Mouthing words about “diversity” whilst sawing the trunk of the tree under which you -and it -have flourished is simply crass.

Many of course are the same folk using their free speech to promote Government regulation of the press.

Diversity, of itself does not develop tolerance or peaceful co-existence. Syria is diverse, so is Lebanon. It is secular “liberal” France that has banned the veil, and secular America that hounds Christianity from the public space through litigation.

If you want to see what happens when you remove institutions in diversity rich countries you may go to any number of failed states which struggle to bring together suspicious factions.

Those willing to break the institutional eggs to make a diversity omelette actually have no idea how they will put Humpty together again.

Building a tolerant free country is a long slow process. Our country went through that difficult and costly centuries ago and whilst the architecture of its happy outcome is hardly characterised by its clean logical lines, it still manages to hold us together.

Those who believe that there is a functional alternative might usefully put their talents to the test by building some prototype institutions which demonstrate similar resilience and strength to that of Christian Britain. Good luck bringing the gay, the Islamic, the vegan and the tribal into your Ark.

In contrast, we already have within our Established Church, huge diversity. In our Christian Monarch we have a wise Queen welcomed as Head of State or Commonwealth across the largest network of family and political ties in the world. Our Parliament holds multi party, multi faith views: none of this was designed, but came about by the very natural selection that the National Secular Society is anxious to teach in our schools.

How strange therefore, that they and the Metro-liberals who distain the Established order never pause to reflect that this country remains amongst the best to live in precisely because the Christian faith, analogous to a ” top predator”,  has shaped the environment for the benefit of all, whether they know it or not.

To those who signed the Telegraph letter, Brother Ivo remembers and adapts the old First World War Bruce Bairnfather cartoon of the soldier Old Bill.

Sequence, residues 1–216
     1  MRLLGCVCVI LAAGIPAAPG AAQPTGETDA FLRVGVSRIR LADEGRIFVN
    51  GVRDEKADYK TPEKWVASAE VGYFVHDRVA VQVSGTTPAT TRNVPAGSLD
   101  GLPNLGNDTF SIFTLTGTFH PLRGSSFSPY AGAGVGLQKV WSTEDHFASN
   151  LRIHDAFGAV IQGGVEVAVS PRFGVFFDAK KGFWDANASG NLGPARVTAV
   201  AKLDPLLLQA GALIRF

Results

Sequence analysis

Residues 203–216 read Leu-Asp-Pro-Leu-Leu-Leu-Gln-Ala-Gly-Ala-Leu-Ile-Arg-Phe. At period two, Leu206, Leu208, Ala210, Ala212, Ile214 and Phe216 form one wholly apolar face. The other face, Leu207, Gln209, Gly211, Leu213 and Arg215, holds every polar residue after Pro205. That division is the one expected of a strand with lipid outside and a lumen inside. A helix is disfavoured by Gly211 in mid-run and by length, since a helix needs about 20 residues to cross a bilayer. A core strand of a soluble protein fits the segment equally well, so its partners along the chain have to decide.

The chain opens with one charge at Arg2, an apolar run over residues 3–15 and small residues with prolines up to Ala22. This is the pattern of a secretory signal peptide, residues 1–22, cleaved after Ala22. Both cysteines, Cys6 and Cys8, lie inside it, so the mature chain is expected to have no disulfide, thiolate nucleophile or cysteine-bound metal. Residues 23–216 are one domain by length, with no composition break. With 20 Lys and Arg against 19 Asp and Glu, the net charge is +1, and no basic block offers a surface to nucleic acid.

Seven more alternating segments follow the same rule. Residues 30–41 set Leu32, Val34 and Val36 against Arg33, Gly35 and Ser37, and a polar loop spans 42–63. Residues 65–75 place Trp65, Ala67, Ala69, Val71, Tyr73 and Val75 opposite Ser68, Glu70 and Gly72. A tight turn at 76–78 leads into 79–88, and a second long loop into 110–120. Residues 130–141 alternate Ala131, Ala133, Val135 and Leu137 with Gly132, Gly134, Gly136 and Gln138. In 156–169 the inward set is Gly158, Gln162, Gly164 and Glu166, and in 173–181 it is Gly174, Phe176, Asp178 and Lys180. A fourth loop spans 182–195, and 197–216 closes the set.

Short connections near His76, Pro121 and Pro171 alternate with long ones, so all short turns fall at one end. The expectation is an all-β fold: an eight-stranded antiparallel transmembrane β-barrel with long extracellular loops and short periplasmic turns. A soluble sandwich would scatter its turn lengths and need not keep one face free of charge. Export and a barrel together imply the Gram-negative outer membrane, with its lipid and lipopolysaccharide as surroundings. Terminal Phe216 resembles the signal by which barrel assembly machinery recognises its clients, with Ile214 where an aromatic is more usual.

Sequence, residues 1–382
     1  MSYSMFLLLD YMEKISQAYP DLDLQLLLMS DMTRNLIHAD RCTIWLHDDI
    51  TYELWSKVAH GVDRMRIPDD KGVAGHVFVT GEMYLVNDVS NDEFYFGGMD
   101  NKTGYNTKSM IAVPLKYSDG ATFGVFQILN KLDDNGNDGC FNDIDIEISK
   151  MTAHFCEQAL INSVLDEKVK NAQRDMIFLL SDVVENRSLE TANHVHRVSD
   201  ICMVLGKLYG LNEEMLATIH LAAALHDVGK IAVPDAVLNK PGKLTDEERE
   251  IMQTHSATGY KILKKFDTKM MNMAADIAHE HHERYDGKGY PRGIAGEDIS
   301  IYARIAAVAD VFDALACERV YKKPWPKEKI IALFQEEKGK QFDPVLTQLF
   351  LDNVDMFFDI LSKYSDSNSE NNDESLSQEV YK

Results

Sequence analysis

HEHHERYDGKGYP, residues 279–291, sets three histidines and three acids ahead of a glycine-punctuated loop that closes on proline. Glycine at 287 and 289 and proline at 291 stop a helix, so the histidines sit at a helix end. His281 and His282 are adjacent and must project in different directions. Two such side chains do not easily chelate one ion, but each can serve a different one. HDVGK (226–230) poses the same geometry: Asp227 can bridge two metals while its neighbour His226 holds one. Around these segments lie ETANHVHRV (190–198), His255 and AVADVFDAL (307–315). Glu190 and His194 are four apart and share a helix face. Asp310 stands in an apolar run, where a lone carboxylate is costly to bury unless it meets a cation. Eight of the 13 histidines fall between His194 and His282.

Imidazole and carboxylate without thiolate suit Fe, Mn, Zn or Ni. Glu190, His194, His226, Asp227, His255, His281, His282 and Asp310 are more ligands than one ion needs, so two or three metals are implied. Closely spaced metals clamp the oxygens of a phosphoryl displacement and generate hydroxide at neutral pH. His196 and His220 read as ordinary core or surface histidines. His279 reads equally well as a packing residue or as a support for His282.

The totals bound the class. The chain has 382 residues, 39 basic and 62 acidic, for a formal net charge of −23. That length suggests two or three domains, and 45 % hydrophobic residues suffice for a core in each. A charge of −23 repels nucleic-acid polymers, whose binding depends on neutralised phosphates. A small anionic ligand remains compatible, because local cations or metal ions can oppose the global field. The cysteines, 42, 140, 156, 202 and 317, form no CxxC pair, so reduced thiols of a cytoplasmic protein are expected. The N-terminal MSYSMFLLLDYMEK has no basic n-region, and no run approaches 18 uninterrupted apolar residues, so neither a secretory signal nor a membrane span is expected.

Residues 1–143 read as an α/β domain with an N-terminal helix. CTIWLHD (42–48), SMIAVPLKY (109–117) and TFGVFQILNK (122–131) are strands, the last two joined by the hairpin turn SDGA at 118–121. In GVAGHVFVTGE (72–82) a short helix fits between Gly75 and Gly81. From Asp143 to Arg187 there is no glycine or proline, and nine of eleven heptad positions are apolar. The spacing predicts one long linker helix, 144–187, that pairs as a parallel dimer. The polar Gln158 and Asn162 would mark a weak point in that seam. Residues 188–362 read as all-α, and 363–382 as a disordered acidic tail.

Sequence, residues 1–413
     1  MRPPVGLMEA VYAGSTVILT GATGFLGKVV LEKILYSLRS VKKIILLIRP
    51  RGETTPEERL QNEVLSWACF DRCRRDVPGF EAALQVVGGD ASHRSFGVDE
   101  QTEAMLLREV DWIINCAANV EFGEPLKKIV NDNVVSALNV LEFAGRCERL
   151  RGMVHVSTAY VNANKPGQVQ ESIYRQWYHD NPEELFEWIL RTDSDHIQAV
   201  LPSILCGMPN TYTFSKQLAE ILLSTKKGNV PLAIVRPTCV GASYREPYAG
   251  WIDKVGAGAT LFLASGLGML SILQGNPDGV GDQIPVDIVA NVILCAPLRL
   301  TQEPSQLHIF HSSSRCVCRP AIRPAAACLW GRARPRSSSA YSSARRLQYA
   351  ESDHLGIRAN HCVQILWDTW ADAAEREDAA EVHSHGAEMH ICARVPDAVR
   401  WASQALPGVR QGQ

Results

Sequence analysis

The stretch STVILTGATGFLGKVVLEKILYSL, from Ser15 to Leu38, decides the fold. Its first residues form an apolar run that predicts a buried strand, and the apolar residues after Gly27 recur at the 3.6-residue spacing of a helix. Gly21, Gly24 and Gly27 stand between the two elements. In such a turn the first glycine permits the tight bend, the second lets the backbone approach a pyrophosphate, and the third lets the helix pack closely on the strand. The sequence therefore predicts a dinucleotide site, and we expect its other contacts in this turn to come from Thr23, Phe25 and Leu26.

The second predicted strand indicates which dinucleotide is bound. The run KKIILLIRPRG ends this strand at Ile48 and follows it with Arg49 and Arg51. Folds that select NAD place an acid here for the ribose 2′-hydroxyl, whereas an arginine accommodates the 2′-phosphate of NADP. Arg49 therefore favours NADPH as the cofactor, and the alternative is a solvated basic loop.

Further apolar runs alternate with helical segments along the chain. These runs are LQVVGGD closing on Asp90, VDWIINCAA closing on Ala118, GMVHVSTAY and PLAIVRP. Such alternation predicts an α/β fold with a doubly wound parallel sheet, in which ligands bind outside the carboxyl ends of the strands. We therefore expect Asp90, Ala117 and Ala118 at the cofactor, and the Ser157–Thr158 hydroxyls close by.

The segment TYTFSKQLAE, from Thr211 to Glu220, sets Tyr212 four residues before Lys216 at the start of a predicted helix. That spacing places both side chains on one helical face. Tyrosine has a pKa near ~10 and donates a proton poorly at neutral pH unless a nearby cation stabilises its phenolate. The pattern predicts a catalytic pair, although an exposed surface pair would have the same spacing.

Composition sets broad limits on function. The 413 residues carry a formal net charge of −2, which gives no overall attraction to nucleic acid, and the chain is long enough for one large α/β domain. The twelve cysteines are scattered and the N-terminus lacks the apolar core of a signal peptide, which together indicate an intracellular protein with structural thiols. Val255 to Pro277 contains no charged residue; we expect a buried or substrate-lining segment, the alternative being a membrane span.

” If you know a better political ecology -go to it”!

New Music for Churches – the horror!


Many priests will tell you that few issues cause ill-will within a congregation more than Church Music.

It is not a new phenomenon. There was bitter controversy when new fangled technology was introduced when the pipe organ displaced the motley group of instrumentalist who formerly held sway in the music loft, and many decamped to exercise their talents in the local pubs.

John Bunyan stole the tune for his much loved hymn ” To be a Pilgrim” from a popular Portsmouth drinking song, and later William Booth chose to “dumb down” by encouraging tunes in a popular vernacular to compete with the music halls. “Why should the devil have all the best tunes?” was his philosophy, not that of some modern worship group leader.

Brother Ivo can enjoy worship incorporating music from a variety of sources, from the Wesleys to Handel, Taize and Iona, to Stuart Townsend and Maggi Dawn. Yet despite such catholic taste he is still being currently challenged. His Church has recently bought a new set of Hymn books and although he and others looked through the indexes to see that we had a readily available selection of hymns from a wide variety of courses, we missed quite a lot in the fine print.

Put simply, the words of some very familiar hymns have been subtly changed to the consternation of many singing on “autopilot”.

It is very easy to become irritated at such “interference”.

What is the point?

“Can’t they leave well alone?” is a natural enough response, and as one thinks of hymns, so one also thinks of liturgy.

There is a joke that the definition of a conservative is someone who thinks that nothing should be done for the first time and that in the Anglican Church once something has been done it becomes a tradition. So new hymn books will never arrive without comment.

At such times, Brother Ivo has the good fortune to have had a most helpful conversation with a retired Anglican priest who, at that time, was running a most welcoming Bed and Breakfast House in Montgomerie Alabama.